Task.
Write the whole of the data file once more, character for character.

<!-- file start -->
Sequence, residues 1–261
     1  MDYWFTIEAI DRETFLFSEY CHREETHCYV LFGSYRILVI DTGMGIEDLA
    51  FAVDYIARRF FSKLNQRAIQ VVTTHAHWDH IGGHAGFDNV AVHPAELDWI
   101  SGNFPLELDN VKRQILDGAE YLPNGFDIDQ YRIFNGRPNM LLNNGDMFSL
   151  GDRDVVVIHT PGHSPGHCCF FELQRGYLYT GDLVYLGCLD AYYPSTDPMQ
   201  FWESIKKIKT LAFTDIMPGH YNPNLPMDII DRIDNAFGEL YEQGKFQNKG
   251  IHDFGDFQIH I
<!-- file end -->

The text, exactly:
Sequence, residues 1–261
     1  MDYWFTIEAI DRETFLFSEY CHREETHCYV LFGSYRILVI DTGMGIEDLA
    51  FAVDYIARRF FSKLNQRAIQ VVTTHAHWDH IGGHAGFDNV AVHPAELDWI
   101  SGNFPLELDN VKRQILDGAE YLPNGFDIDQ YRIFNGRPNM LLNNGDMFSL
   151  GDRDVVVIHT PGHSPGHCCF FELQRGYLYT GDLVYLGCLD AYYPSTDPMQ
   201  FWESIKKIKT LAFTDIMPGH YNPNLPMDII DRIDNAFGEL YEQGKFQNKG
   251  IHDFGDFQIH I